However, BP was not prohibited from taking the other steps contemplated by the purchase letter, including paying sums received from SAMIR to FAB, holding such sums on trust for FAB or granting FAB subrogated rights or a funded sub-participation.

What was the effect of such a restriction on BP’s ability to dispose of the Receivable?

Following Linden Gardens Trusts Ltd v Lenesta Sludge Disposals Ltd [1994] 1 AC 85, it was common ground between the parties that the effect of s34 was that any purported legal or equitable assignment by BP of its rights under the Contract to FAB (without SAMIR’s consent) would be ineffective.

Did BP breach the warranty? – No

The representation and warranty had to be interpreted against the commercial context and overall scheme of the purchase letter. Assignment was not the primary method of transferring to FAB sums received by BP under the Contract; that was payment of the amounts received by BP to FAB and the imposition of a trust over those sums. Assignment was a secondary method of FAB receiving the relevant sums. Further, the clause in the purchase letter which required assignment expressly contemplated that assignment may not be possible, and provided FAB with alternative remedies such as subrogated rights or a sub-participation if assignment were impossible for any reason. The payment guarantee agreement which preceded the purchase letter also expressly provided for alternative means of transferring the economic benefit of the Contract if assignment were not possible. That it might not be possible to assign the contract therefore formed part of the factual matrix in which the purchase letter was to be construed.

Against this background and in light of the other terms of the purchase letter, the phrase “from disposing of the Receivable evidenced by the Invoice as contemplated herein” in the representation and warranty did not refer exclusively to an assignment, but envisaged a wider restriction preventing the disposal by BP of its economic interest in the Contract. Section 34 of BP’s general terms and conditions did not prohibit BP from disposing of its economic interest in the Contract by all the means contemplated in the purchase letter, it only prohibited legal or equitable assignment, which the relevant terms of the purchase letter expressly contemplated may not be possible in any event. Therefore, on the proper construction of the purchase letter, BP had not breached the representation and warranty.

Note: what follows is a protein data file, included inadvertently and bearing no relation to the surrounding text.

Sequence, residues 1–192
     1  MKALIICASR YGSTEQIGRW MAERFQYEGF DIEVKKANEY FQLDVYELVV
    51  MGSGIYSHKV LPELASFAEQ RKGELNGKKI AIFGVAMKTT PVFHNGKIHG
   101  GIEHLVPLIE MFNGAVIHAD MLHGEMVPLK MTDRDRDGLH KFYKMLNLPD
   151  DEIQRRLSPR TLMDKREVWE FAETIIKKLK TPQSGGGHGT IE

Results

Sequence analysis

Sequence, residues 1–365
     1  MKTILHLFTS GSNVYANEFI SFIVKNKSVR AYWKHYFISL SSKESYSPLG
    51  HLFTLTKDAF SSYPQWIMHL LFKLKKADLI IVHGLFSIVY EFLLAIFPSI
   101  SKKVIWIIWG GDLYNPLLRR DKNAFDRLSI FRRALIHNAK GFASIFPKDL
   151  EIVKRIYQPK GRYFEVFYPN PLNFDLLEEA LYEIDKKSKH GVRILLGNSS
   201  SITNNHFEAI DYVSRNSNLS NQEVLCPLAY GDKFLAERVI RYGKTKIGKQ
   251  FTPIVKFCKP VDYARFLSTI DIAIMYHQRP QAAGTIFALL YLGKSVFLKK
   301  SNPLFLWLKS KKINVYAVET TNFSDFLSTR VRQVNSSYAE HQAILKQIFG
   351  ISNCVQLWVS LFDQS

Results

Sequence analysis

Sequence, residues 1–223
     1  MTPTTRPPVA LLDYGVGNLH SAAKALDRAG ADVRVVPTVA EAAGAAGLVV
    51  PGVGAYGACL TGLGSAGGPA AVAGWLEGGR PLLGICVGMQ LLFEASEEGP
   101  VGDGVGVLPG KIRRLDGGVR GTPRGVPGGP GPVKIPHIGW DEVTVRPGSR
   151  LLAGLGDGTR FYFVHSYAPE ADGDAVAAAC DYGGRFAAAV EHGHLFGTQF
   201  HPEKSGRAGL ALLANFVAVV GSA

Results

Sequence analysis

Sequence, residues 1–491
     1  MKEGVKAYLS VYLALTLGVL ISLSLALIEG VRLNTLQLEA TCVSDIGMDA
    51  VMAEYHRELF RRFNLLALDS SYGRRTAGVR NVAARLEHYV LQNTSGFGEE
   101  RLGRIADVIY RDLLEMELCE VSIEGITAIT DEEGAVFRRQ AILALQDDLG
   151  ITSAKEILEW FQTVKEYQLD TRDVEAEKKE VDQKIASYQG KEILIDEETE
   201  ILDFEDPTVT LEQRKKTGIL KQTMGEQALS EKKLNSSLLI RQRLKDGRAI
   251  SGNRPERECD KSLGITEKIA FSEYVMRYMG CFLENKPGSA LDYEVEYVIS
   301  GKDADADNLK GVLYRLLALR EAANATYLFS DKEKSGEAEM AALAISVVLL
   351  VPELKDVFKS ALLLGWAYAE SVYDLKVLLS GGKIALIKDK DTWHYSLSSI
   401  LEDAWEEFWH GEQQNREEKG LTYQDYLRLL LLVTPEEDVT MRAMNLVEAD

This case is a useful clarification of the meaning of terms, iterations of which are commonly found in receivables financing contracts. It is also interesting for what was not decided. Gloster LJ’s judgment analyses whether clauses prohibiting assignment are capable of rendering ineffective a subsequent equitable (as opposed to legal) assignment, and whether the Linden Gardens case can in fact be distinguished on this point. No finding was made as “with a considerable degree of intellectual disappointment” the question was not before the Court of Appeal. However, the space Gloster LJ devoted in her judgment to this question indicates that it is one considered ripe for review by the Supreme Court should an appropriate case arise.

The commercial rationale of Linden Gardens is that it preserves the legitimate commercial purpose of non- assignment clauses by ensuring that contracting parties do not have to deal with third parties that they have not consented to deal with. Gloster LJ’s analysis argues that non-assignment clauses only need to render ineffective legal assignments to satisfy this commercial purpose, and to go further and render equitable assignments ineffective is an illegitimate constraint on the freedom of commercial parties to alienate their property.

Similarly, although BP accepted in the Court of Appeal that the effect of s34 of its general terms and conditions was to prohibit it from effecting a legal or equitable assignment (accepting that the Court of Appeal was bound by two of its previous decisions on this point), it reserved its position as to the correctness of those prior decisions should the case proceed to the Supreme Court.

Further information

This case summary is part of the Allen & Overy Litigation and Dispute Resolution Review, a monthly publication. If you wish to receive this publication, please contact Amy Edwards,